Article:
On a +95° cloudless day, the Washington Midsummer Renaissance Faire was a bustling strip stretched across a vast, dry, grassy, farming plot. Devotion won over reasonableness. A court of Lords and Ladies in full outfit—petticoats and collars—paraded to-and-fro between the royal tent and the half-timber towers of the front gate. Knights in full leather, chain mail, and plate armor grappled in the jousting field. Even the paying visitors braved the heat in wool cloaks and furr wraps.
The cashier at the crepe stand must have been no older than sixteen. She wore green eye-shadow, a brown, felt, lace-up vest over a frilly peasant dress, and corn-row braids on the just the right side of her blond head. So, sort-of renaissance-y. In this way she fit in with much of the rest, where decoration depended as much upon historical accuracy as fantasy and budget. The Red Dragon Pub was really a beer garden with a fence around it. Canvas cubicle shops sold everything from steel swords to paper parasols. Costumes ranged in authenticity from hand-embroidered leather to LED fairy wings. Alongside vendors offering smoked turkey legs and meat pies were those offering ice cream and pizza.
I remembered the crepe-girl because her stand was the only one that served iced coffee, and she kept calling me “hun.” This prompted my partner Chris and I to note the lack of codification of terms of social rank in English. For instance, there is no official English equivalent for the Japanese suffixes “chan” or “san,” nor are there ranked “you” conjugations like the “tu” and “usted”/“vous”/“Lei” of Romance languages. Instead, we have terms which tend to but not necessarily connote endearment/insult, respect/condescension, depending on who is saying them to whom in what context and in what tone. Calling a grown man “son” is different than calling him “sir,” and I was struck, to be called “honey” by a sixteen-year-old, when had she been sixty, I would not. Was she attempting to sound old-timey, perhaps?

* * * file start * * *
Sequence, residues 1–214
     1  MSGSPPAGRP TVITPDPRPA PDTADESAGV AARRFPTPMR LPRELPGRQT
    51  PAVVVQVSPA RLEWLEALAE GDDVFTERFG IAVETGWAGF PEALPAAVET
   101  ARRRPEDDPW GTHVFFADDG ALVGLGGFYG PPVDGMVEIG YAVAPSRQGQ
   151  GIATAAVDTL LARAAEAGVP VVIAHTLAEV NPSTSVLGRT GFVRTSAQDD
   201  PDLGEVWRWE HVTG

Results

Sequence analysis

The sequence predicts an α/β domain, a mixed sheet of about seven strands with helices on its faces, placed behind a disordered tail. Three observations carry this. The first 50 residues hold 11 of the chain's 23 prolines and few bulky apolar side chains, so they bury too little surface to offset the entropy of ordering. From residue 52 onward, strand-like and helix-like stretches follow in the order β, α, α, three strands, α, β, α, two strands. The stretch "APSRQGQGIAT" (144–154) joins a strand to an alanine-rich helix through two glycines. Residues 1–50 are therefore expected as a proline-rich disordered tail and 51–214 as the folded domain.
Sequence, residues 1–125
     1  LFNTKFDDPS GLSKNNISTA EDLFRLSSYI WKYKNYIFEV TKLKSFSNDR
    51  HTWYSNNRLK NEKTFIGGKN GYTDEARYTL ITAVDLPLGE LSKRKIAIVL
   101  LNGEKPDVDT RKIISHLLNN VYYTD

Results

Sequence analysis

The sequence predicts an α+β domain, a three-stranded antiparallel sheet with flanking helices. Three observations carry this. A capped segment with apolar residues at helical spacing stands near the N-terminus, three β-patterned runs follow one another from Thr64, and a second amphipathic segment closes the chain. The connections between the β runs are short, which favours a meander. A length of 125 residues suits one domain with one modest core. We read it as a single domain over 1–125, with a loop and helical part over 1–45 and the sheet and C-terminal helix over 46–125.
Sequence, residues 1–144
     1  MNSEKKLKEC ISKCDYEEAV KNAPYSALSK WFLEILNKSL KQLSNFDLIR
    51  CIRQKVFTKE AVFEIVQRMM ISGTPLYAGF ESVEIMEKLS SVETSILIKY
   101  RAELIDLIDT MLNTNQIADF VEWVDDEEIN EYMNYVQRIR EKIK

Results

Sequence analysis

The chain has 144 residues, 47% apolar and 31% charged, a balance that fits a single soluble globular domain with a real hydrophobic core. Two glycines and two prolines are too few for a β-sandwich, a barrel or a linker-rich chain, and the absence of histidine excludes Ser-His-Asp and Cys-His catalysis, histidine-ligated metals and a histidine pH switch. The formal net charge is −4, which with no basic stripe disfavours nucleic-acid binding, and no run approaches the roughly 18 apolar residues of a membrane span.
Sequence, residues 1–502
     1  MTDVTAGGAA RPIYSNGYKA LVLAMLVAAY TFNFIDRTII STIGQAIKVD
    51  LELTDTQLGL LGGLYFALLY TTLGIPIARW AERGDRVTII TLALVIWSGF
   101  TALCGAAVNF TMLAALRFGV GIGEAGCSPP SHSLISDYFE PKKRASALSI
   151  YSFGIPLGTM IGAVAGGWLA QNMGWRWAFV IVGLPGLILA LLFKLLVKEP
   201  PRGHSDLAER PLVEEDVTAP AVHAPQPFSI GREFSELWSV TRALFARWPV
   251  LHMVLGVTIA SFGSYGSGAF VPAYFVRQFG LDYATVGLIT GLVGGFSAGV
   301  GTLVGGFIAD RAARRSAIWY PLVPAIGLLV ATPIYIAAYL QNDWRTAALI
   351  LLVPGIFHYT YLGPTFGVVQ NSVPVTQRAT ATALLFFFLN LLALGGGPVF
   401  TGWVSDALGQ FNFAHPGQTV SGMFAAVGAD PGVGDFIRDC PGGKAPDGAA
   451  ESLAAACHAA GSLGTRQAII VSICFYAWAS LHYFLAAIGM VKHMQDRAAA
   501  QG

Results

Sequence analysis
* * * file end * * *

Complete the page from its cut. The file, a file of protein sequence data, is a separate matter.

I looked forward to Cirque du Sewer, supposedly the world’s one-and-only acrobat, cat and rat performance. At the hottest hour of the afternoon, acrobat Melissa Arleth wore her black bloomers with red polka dots and a matching corset over a red peasant top. Her hair was wound up in two buns, like rat ears. Sweat hovered on her face as she performed splits, handstands and walked the slack line. Pad Kee Meow, the acro-cat, reluctantly balanced on Arleth’s head, desperately panting. Of the acro-rats, only sprightly Bubonique could be coaxed off her chilled sleeping pad to run the gauntlet.
The knights! I was friends with a few of the knights—they throw awesome, Viking-themed birthday parties—, so I made sure to show up early and secure a front row seat on the bleachers for their jousting contest. The knights were divided into four teams representing England, France, Spain and Germany, and one knight from each team competed on horse, doing everything from chopping at rotten cabbages nailed to a post, throwing spears at targets on hay bales, spearing wicker hoops with their swords, and, of course, jousting. In between these events, ground-fighting knights squared off with swords, spears, daggers…
Of course, I understood that the stakes in these games weren’t “authentic.” Back in time, knights rode hard and aimed to break their lances against each other, often risking their lives in the process. Not so here, where the knights aimed to strike the other with as little impact as possible. Here, the ground-fighting was rough-and-tumble, but still a choreographed dance.
Even so, I was struck by how authentic the experience was. I cried myself hoarse, cheering, “Vive la France!” I winced at the bang of lance impacting shield. I had to concede that Spain’s rider the best, because of how precisely he sliced those cabbages in half. Back in time, people came from far-and-wide, and in their best costumes, to brave the heat and cheer on these exact same games. In my frilly skirts, I could be the Medieval Italian peasant girl Berenice for the day. Don’t mind my cellphone or rose-tinted sunglasses. They’re magic from the fairies.
Published by the West Seattle Herald 08/29/2016.